Politics: Pelosi holds off on vote to authorize impeachment inquiry - - PressFrom - US
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Politics Pelosi holds off on vote to authorize impeachment inquiry

02:10  16 october  2019
02:10  16 october  2019 Source:   politico.com

White House letter: Why Democrats aren't planning to vote on an impeachment inquiry

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Some House Democrats are privately calling on Pelosi to hold a vote to formalize the impeachment inquiry to undermine Republican criticism. Meanwhile, the White House and its Republican congressional allies contend that such a vote is necessary to legitimize the inquiry per the

But whether Democrats would hold another House vote in the coming days to authorize their inquiry — as has been done in past presidential impeachments — remains to be seen. And Mr. Trump’s allies mostly took it as a sign that a vote on articles of impeachment was inevitable.

UPDATE:

a man wearing a suit and tie holding his hand up: House Majority Whip Jim Clyburn.© Meg Kinnard/AP Photo House Majority Whip Jim Clyburn.

Speaker Nancy Pelosi and Democratic leaders will hold off on a full House vote authorizing an impeachment inquiry into President Donald Trump, according to multiple lawmakers and aides.

Leadership sources caution that the decision could be "reassessed at some point."

The White House and Republicans have seized on the absence of such a vote and have vowed to resist what they describe as an illegitimate probe.

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Pelosi , however, has stressed that she does not intend to hold a floor vote on the impeachment probe. During the event in New York City Monday, Schiff noted that the Members of the House voted to allow an investigation into whether to impeach President Bill Clinton and President Richard Nixon.

In a letter to Pelosi , House GOP Leader McCarthy today asked 10 questions including, among those: Do you intend to hold a vote of the full House authorizing your impeachment inquiry ? Pelosi response: not at all. Speaking this morning an interview, Pelosi dismissed the impeachment vote as

ORIGINAL:

House Democratic leaders are quietly reaching out to the most vulnerable members of their caucus to gauge whether they would support a formal vote to authorize an impeachment inquiry against President Donald Trump, according to multiple Democratic aides.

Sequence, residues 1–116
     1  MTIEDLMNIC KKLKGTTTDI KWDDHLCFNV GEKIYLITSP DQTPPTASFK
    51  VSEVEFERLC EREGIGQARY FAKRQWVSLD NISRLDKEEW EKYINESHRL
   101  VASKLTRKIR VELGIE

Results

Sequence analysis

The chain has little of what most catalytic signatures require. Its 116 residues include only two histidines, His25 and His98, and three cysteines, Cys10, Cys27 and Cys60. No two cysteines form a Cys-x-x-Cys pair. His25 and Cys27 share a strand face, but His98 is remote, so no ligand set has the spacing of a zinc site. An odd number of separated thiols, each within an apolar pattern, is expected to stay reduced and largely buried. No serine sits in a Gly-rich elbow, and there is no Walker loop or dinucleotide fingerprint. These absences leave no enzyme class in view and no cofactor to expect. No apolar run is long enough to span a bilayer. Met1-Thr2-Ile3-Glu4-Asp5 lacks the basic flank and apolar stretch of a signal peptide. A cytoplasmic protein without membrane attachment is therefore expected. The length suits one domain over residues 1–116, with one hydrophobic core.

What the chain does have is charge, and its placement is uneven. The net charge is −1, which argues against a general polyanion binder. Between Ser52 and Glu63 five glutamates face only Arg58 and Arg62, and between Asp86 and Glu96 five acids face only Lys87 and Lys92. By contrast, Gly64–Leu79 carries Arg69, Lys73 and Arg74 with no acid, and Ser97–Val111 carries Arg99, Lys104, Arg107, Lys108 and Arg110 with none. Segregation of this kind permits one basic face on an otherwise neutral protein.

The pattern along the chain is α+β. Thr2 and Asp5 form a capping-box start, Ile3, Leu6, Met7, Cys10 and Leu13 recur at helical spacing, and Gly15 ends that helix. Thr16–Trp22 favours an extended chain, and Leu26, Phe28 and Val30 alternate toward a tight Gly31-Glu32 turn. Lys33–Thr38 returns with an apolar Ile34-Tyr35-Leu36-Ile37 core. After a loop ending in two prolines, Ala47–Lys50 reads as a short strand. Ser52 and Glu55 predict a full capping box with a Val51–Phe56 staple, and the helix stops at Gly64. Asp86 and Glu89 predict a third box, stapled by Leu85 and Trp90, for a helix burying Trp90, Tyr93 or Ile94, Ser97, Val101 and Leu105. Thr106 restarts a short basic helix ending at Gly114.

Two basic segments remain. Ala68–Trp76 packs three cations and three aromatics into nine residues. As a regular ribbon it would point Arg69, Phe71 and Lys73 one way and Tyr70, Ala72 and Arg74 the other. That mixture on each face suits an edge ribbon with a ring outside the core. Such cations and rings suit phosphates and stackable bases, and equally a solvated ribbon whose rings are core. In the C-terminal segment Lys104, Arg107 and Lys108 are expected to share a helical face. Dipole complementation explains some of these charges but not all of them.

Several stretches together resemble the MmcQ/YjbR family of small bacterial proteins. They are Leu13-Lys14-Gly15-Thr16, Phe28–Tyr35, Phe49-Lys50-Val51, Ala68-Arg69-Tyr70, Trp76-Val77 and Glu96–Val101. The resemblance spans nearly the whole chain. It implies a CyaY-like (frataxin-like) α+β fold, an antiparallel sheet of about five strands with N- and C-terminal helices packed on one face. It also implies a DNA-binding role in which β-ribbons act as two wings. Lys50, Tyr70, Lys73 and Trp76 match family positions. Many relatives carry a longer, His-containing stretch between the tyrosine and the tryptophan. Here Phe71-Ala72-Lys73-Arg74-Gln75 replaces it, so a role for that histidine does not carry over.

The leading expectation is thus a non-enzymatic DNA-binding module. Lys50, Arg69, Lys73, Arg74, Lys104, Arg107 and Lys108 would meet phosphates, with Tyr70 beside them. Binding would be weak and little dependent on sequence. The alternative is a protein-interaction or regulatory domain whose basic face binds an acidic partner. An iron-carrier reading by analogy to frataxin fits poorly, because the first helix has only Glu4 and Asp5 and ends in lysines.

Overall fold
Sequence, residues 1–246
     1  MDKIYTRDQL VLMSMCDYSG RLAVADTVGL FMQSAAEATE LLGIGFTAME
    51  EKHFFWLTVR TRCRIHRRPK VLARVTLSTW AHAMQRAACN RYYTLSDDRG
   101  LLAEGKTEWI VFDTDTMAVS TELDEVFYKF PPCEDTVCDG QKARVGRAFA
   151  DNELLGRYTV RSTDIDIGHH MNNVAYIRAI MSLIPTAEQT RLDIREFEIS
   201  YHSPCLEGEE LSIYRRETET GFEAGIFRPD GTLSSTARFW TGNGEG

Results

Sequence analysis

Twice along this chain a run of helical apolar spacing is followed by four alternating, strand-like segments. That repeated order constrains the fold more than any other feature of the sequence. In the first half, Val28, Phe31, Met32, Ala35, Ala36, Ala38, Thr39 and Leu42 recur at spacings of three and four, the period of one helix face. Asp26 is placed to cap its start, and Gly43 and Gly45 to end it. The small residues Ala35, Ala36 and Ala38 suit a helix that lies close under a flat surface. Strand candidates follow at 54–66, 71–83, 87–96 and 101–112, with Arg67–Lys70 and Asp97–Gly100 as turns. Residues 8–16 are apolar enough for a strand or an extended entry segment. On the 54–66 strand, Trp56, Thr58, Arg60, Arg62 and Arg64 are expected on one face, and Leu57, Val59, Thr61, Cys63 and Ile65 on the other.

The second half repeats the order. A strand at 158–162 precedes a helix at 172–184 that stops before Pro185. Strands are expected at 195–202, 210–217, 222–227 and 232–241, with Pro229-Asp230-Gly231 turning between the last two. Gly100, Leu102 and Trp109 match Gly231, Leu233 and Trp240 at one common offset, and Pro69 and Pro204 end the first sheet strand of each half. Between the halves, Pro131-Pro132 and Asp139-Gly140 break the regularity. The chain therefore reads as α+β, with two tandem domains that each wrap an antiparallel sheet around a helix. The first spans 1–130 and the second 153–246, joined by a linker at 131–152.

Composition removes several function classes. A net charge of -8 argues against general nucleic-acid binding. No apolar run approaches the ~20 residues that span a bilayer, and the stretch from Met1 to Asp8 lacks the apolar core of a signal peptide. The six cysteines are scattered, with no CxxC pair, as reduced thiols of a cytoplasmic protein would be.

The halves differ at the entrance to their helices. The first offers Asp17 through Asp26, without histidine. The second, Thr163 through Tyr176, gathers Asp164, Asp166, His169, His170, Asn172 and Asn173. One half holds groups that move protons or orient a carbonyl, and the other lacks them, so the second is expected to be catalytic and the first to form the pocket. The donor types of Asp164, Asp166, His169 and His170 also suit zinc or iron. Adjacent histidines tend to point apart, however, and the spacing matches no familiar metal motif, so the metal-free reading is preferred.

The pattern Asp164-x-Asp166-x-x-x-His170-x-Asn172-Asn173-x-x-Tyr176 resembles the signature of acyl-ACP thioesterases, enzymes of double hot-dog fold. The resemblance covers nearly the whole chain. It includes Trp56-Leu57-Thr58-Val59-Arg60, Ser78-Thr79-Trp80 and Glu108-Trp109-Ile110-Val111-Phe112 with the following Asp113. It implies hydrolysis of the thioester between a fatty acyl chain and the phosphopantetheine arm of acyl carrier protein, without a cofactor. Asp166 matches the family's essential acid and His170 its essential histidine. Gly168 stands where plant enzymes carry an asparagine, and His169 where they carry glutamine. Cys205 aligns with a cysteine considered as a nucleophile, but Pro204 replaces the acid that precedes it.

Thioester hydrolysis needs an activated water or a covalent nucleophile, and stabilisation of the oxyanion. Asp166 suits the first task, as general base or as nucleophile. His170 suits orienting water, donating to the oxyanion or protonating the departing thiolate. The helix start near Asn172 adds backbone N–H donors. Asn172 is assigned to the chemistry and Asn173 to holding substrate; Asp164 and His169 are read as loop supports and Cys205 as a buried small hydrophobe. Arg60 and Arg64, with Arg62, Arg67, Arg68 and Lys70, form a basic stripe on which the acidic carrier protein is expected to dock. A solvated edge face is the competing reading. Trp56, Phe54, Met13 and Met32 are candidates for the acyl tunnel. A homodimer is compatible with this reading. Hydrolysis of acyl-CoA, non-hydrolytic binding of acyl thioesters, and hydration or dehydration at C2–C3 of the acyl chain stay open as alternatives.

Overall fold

House Majority Whip Jim Clyburn’s office is leading the outreach and the topic is expected to be discussed at a closed-door leadership meeting Tuesday evening.

Democratic leaders are “getting a read on where these members are following a two-week recess,” according to an aide familiar with the discussion.

But the idea has been met with anxiety among some of the battleground Democrats, who fear it could distract from the agenda, according to multiple aides.

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Pelosi hasn’t ruled out holding a House vote , though she’s derided it as a “Republican talking point” and unnecessary. Although most of those lawmakers have said publicly that they support the inquiry , a floor vote would more directly link them to an effort that’s long been a rallying cry of the outspoken

Republicans are daring House Speaker Nancy Pelosi to hold a formal impeachment vote against President Donald Trump, new Republican National Committee talking points obtained by CNN The full House voted to authorize impeachment inquiries for Presidents Richard Nixon and Bill Clinton.

Asked about the possibility of a vote, Speaker Nancy Pelosi (D-Calif.) told reporters Tuesday afternoon that she planned to discuss the step with her caucus.

"I'll be talking about that later today, after I meet with my colleagues," Pelosi told reporters.

The impeachment inquiry vote would undermine a key Republican talking point — that Democrats’ inquiry isn’t valid because they haven’t held a floor vote, as in past presidential impeachment proceedings. It could also squeeze vulnerable Republicans by forcing them to go on the record. Many Republicans, so far, have attempted to stay away from the burgeoning scandal consuming the White House.

But the move isn’t without risk, particularly for vulnerable Democrats in pro-Trump districts. And it could open Democrats up to another front of GOP criticism, as Republicans demand more power in the investigation, including the ability to issue subpoenas and call their own witnesses.

The White House argues the impeachment inquiry is “constitutionally invalid.” That’s not true.